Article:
The Royals’ bullpen really struggled to get the job done tonight, and that seems like it’s been the problem for the last six games.  Granted, the Royals’ starters have been giving up a lot of runs lately, basically taking their offense out of some of these games.  But the bullpen has to be able to put the nail in the coffin in these close games.  Chen pitched a gem of a game, and got a loss to show for it.  If this bullpen can’t back their starters in games like these, then the Royals are quickly going to go from “Toughest Competition for the Tigers in the A.L. Central” to back at the bottom of the division.  Again.

Hitting Recap – Tigers

The bats were rolling on both sides tonight, but neither team could put the runs on the board, despite racking up 19 hits together.   Brennan Boesch started out with a single in the first.  Delmon Young singled, Ryan Raburn doubled, and a sacrifice fly by Ramon Santiago drove in a run in the second.  Miguel Cabrera and Prince Fielder hit back-to-back singles in the fourth, and then the Tigers’ offense was shut down until the eighth inning.  Andy Dirks would single to knock Bruce Chen out of the game, before Boesch, Cabrera, and Fielder would hit consecutive singles and add two more runs.  Ramon Santiago would add a single of his own in the ninth, but the Tigers wouldn’t put up any more runs.

            1.    Hitting Final Thoughts

            The offensive effort was admirable, but somewhat lackluster when it’s all said and done.  Yes, ten hits are great for one game.  That alone shows what kind of potential the offense has.  But when ten hits only amounts to three runs, that shows that something isn’t quite clicking yet.  Maybe it’s still early in the season.  Maybe everyone is still a little weak from the virus that was roaming the clubhouse last week.  Whatever the case may be, Cabrera isn’t clicking just right, Fielder’s power is being dampened, and Raburn still can get over his first-half woes.  Luckily, winning games means that everyone else is chipping in.  Which I guess is what it means to be a team.  Overall, it wasn’t the greatest win, but a win is a win, and the pitching was fantastic.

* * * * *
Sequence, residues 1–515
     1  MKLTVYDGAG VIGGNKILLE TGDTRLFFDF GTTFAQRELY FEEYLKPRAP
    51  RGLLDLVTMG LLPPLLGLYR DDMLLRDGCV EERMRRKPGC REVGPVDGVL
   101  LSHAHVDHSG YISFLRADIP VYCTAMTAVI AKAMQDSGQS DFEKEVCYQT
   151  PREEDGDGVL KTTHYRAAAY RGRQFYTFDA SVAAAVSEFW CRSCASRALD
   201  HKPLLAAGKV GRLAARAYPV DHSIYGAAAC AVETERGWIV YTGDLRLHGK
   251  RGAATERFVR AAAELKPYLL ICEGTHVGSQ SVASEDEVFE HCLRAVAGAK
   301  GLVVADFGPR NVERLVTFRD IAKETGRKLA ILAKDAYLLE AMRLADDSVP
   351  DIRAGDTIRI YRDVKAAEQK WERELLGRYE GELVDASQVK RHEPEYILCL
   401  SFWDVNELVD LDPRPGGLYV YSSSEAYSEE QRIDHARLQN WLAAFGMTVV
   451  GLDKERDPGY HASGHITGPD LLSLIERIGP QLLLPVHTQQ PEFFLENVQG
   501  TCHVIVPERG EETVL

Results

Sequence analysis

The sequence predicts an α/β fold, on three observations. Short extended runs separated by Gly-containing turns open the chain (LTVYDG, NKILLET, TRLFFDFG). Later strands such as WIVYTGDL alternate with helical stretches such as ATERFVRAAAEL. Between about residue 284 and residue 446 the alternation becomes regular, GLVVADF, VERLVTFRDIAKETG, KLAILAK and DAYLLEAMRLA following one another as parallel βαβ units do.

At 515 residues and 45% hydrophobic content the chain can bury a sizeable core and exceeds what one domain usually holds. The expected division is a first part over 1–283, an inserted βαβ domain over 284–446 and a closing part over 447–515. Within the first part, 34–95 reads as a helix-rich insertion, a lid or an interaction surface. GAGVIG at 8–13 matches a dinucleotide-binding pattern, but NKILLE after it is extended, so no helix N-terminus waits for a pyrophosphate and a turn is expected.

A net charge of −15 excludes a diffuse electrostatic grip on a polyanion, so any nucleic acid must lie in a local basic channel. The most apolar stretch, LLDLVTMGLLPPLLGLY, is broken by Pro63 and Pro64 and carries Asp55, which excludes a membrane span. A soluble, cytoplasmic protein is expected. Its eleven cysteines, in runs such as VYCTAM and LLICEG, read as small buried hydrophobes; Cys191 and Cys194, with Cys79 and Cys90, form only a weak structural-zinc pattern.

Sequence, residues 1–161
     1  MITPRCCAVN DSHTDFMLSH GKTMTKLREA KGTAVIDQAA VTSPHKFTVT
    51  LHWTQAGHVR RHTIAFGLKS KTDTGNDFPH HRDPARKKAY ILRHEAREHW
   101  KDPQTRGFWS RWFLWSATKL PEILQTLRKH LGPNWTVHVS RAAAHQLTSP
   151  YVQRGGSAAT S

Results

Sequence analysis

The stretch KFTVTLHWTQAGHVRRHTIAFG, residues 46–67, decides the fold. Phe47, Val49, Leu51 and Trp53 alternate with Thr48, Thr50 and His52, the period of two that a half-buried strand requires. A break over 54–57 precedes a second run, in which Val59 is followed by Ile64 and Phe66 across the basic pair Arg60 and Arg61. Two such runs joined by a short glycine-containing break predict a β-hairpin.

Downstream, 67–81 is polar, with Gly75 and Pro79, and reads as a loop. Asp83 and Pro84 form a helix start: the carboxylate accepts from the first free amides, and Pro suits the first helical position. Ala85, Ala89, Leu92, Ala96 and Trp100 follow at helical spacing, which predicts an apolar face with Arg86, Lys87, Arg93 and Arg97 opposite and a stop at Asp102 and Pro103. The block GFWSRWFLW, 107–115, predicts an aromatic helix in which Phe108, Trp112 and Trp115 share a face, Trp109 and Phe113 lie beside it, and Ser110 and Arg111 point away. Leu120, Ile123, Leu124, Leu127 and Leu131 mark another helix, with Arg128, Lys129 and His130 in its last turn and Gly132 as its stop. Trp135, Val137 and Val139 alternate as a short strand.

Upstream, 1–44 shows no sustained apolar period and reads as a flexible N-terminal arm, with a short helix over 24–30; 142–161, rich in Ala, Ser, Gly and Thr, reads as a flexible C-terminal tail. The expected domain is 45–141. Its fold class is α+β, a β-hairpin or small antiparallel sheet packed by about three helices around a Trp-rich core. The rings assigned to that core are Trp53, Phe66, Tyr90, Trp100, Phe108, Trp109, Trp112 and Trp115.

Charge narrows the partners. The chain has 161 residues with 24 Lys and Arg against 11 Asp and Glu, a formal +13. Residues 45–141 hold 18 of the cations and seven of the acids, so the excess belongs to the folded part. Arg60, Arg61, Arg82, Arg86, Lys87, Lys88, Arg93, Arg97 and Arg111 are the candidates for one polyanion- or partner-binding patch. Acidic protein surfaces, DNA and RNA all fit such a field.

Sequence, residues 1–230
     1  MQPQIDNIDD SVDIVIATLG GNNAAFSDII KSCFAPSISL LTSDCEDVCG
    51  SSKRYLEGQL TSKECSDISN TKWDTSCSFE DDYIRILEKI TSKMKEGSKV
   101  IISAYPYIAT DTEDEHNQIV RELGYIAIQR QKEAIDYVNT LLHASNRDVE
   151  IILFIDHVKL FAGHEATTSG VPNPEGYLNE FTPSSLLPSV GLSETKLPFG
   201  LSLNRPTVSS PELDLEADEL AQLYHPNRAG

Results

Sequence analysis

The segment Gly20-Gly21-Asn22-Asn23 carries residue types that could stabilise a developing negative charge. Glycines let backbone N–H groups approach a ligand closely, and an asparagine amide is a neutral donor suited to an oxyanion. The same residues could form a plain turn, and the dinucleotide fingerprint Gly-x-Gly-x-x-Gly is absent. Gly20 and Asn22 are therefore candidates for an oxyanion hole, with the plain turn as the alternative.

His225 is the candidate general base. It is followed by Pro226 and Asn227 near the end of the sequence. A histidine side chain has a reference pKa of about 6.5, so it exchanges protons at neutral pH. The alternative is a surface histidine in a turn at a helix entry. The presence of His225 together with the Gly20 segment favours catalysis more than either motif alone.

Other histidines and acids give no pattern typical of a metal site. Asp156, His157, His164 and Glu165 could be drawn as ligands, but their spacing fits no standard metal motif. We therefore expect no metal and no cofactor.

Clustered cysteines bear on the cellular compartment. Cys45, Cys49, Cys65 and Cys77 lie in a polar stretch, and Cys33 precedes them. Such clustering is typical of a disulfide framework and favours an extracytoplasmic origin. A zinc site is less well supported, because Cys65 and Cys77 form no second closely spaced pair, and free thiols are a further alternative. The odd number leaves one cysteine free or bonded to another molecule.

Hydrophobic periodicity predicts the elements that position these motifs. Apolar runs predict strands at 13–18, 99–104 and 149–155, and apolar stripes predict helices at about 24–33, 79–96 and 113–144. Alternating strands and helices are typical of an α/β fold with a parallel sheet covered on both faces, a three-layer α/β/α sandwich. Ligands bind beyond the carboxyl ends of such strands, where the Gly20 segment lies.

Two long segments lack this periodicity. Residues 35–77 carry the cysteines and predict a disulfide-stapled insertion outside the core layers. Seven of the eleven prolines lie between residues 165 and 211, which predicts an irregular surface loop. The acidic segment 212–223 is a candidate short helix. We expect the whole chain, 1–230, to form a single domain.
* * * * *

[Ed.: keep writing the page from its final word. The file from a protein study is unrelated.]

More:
Hitting Recap – Royals

Like the Tigers, the Royals put a lot of hits on the board, but with nothing to show for it.  Bourgeois started things off with a single in the first, followed by a Billy Butler single in the second.  Eduardo Escobar had a single in the third.  Following an error, Alex Gordon singled in the Royals’ only run.  Butler added another single in the fourth, and Mike Moustakas put up one of his own.  Butler had his third hit with a double in the sixth.  Jeff Francoeur drew an intentional walk in that same inning, but nothing came of it.  Brayan Pena doubled in the seventh, and a second intentional walk to Gordon gave the Royals another scoring chance.  Francoeur hit a ball to the outfield that Boesch misplayed, turning a single into a triple in the eighth.  Pena walked and stole second in the ninth, attempting a rally, but to no avail.  The Royals fell 3-1, extending their losing streak to six.